QUESTION: You said you saw progress on a number of fronts, but I don't think you mentioned ethnic reconciliation. What are your views on that?

MR. FOLEY: I think, George, that's the hardest nut to crack, if you will; the one that will take the longest time. When you consider the nature of the warfare - and it was civil warfare, which, of course, is historically the worst kind of warfare - that occurred in Bosnia, those kinds of wounds take the longest to heal.

I think that Dayton represents a willingness on the part of the people of Bosnia to put the war behind them. I think the implementation of Dayton thus far reflects a willingness on most sides - and certainly, I would say, on the part of a majority of the people of Bosnia - to begin to stitch together again the economic ties that formerly bound them, and that can link them once again to the wider Europe and to the international community.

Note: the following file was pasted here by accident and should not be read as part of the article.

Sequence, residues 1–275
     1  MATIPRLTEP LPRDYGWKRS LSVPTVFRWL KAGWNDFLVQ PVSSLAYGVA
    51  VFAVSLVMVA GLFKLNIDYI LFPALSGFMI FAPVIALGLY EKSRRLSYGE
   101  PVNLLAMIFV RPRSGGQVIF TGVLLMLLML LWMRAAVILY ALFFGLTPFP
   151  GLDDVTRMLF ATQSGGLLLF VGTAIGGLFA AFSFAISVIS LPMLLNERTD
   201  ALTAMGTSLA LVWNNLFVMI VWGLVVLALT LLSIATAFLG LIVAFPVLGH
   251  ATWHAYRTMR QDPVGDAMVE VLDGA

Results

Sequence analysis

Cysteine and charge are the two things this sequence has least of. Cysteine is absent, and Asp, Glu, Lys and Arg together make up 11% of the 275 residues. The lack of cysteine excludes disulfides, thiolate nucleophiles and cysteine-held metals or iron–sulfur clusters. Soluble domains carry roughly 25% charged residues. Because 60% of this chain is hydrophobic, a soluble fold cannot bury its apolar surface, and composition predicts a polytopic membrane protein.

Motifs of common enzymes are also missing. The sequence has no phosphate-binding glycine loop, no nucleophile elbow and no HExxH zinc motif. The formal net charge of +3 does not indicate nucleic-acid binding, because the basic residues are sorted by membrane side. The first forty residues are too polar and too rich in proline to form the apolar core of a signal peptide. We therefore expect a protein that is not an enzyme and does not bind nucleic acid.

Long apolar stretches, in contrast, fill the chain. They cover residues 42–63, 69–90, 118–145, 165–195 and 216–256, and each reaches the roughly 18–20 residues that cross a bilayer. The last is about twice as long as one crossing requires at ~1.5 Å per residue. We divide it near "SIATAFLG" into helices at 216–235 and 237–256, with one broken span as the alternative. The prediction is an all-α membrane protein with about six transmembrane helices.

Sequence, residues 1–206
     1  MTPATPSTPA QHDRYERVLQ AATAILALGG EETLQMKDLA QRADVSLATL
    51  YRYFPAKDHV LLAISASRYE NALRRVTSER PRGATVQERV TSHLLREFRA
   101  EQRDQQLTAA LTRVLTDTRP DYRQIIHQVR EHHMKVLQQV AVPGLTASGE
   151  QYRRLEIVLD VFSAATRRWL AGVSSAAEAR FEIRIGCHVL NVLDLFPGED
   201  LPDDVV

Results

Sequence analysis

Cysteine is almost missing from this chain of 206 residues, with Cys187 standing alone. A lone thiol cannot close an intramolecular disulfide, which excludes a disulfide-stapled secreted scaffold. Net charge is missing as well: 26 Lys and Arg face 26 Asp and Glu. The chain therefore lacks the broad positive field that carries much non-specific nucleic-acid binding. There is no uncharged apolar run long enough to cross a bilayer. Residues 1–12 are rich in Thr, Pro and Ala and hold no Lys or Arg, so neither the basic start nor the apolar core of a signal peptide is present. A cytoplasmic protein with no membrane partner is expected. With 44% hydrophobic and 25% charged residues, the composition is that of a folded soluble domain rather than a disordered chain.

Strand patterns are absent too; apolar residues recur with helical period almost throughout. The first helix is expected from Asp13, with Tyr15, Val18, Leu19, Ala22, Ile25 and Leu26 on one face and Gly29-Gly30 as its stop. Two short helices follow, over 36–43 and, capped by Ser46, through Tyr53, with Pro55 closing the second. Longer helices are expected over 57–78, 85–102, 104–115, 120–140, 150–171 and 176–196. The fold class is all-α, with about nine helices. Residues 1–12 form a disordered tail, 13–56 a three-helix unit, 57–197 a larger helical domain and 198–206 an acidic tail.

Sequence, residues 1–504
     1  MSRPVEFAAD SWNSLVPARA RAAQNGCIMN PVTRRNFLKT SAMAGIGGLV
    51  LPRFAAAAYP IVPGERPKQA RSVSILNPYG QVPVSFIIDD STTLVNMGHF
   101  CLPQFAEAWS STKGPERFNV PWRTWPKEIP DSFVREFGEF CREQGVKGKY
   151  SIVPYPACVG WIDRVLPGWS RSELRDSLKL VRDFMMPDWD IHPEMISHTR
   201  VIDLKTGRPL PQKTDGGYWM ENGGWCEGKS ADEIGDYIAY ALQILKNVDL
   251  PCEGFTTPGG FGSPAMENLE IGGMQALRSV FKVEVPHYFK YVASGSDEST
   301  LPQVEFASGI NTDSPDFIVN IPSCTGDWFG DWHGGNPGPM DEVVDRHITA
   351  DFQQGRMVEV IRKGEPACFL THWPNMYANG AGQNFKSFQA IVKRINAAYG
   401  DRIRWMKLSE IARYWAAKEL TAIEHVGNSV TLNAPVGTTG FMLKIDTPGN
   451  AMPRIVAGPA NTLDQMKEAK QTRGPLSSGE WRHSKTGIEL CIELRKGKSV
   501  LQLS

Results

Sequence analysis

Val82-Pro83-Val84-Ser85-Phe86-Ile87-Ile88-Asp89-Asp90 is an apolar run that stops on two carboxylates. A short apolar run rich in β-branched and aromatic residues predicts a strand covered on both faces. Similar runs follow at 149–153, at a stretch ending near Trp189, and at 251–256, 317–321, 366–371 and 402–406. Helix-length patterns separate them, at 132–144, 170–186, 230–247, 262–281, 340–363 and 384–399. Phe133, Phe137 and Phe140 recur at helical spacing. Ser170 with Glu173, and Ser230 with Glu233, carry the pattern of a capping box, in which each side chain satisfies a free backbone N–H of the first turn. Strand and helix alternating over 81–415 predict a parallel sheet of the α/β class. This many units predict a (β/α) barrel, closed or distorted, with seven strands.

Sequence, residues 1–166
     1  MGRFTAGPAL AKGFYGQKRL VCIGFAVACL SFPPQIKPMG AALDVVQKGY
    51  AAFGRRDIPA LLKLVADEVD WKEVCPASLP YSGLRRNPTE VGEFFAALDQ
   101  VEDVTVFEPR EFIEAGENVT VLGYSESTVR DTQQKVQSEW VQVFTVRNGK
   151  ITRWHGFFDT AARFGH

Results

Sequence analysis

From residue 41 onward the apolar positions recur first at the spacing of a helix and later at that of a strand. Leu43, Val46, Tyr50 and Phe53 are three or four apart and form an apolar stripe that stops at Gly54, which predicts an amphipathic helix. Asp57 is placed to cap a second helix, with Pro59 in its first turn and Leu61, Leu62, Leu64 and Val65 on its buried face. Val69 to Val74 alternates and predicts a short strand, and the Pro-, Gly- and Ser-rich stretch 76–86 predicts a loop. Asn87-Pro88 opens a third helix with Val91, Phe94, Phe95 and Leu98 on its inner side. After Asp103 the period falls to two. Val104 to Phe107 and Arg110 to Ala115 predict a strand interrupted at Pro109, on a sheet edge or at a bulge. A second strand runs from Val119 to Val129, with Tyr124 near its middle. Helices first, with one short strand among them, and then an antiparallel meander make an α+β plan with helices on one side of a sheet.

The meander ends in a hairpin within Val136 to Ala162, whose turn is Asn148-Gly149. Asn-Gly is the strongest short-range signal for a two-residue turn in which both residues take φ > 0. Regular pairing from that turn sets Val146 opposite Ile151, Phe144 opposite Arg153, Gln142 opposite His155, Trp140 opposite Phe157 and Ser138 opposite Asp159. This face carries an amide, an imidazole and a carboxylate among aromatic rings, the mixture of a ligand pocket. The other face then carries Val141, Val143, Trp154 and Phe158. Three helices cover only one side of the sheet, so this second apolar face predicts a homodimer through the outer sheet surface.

But the point you raise - the question of the restoration of a spirit of good-neighborliness and civilized behavior towards each other - I think the evidence is anecdotal that there is a willingness on the part of most Bosnians to try to bury hatreds and to live together as they once did. But I agree with you completely, this is the one that will take the longest time.

It is our belief that as peace continues - and we've had peace there for two years now - as it continues and grows more deeply rooted, that we will indeed see reconstitution of personal ties. But that's going to take the longest.

QUESTION: I just want to get this straight. You want Milosevic to meddle in an election in another country? Is that what you're calling for here?

MR. FOLEY: I didn't say that at all, Sid. That's a rather liberal construction of what I said.

QUESTION: Well, if you're going to look at Republika Srpska in Serbia?